The novel’s boldest intellectual gesture comes toward its end, as Highway begins creating auctioneering stories involving a new set of names: Yuri Herrera, Alejandro Zambra, Mario Bellatin, César Aira, Álvaro Enrigue—all Luiselli’s fellow Spanish-language authors. Here, she takes these names and puts them into new situations: Enrigue is a bus driver, Herrera is a policewoman, etc. The result is a grand modernist gesture, turning these names into “empty carcasses. [Highway] could’ve said Peter Smith or John Robertson.” Here, The Story of My Teeth hits a different conceptual plane, and in reading this section, I kept wondering, is this Highway using these names, or is it Luiselli?Does Highway know the works of the great authors whose names he appropriates? “It doesn’t matter,” Luiselli tells me. “He doesn’t have to know. He probably doesn’t know. He might’ve just seen a library and taken the names randomly, copying off a bookshelf.” Luiselli_Cover_2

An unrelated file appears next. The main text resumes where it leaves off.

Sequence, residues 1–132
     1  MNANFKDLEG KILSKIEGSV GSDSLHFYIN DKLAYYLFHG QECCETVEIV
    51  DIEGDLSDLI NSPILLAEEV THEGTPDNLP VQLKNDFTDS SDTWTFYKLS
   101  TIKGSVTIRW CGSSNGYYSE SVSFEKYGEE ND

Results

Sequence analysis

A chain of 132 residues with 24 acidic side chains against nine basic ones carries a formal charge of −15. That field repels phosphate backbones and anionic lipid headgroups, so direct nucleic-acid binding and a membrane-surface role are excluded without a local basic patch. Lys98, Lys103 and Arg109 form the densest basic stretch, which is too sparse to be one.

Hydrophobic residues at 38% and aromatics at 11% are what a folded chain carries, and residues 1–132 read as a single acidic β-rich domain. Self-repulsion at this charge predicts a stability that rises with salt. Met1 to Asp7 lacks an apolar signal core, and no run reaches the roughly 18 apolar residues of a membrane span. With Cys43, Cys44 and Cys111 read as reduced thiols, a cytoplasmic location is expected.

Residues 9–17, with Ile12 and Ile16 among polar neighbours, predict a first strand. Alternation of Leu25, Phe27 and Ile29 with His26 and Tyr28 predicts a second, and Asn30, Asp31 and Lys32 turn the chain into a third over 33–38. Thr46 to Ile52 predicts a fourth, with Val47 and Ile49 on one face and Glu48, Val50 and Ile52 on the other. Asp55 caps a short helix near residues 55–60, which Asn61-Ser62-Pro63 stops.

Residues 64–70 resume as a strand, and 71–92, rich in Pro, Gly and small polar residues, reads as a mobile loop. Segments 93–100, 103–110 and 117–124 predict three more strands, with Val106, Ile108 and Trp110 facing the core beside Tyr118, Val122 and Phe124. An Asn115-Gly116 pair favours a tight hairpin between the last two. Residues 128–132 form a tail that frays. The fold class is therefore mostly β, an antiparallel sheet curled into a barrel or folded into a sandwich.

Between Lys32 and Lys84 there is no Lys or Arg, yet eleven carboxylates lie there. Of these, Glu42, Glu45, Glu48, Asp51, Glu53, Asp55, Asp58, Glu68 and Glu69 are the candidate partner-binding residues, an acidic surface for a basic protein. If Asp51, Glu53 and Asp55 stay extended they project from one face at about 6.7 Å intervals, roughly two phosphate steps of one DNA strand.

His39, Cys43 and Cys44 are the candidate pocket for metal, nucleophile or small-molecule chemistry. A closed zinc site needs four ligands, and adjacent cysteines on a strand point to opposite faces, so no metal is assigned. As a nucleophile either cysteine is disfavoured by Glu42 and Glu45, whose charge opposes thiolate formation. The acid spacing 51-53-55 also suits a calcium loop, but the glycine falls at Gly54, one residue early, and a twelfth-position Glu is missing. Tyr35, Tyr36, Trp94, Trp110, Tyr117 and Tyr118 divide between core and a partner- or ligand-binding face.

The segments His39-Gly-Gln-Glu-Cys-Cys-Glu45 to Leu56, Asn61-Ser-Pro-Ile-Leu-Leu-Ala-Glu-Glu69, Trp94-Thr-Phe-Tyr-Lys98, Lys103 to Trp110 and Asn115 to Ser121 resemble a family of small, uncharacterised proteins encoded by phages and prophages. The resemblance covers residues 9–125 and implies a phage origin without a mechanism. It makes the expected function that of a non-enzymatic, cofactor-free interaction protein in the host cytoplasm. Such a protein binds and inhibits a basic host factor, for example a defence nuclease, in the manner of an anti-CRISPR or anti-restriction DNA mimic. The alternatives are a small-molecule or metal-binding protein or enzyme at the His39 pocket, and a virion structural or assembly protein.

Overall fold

Nor did the factory workers know the names, “which just goes to show how irrelevant those names are,” she says. “The literary community endows them with a weight and importance. There’s always solemnity around names and naming…a respectful awe in front of a name like Borges. The way I wanted to use these names was to put them at the level of the everyday.” Particularly interesting to Luiselli is how “different linguistic communities react to the name-dropping in the novel.” She mentions her uncle—an inspiration for Highway, in fact—who does not care about the contemporary literary world. He works in a market, selling and trading, always in possession of great stories about his objects. So when he encounters Highway’s name-dropping stories about his objects, Luiselli’s uncle doesn’t even think about the appropriation of famous names: “To him, they’re just strange little stories Highway tells.” On the other end of the spectrum, literary people “find [the name-dropping] irritating or think I’m paying homage (which is not the case) or building a literary map”—their own presumptions take over. But for Luiselli’s uncle—and for the factory workers—no such presumptions exist: they just enjoy the stories.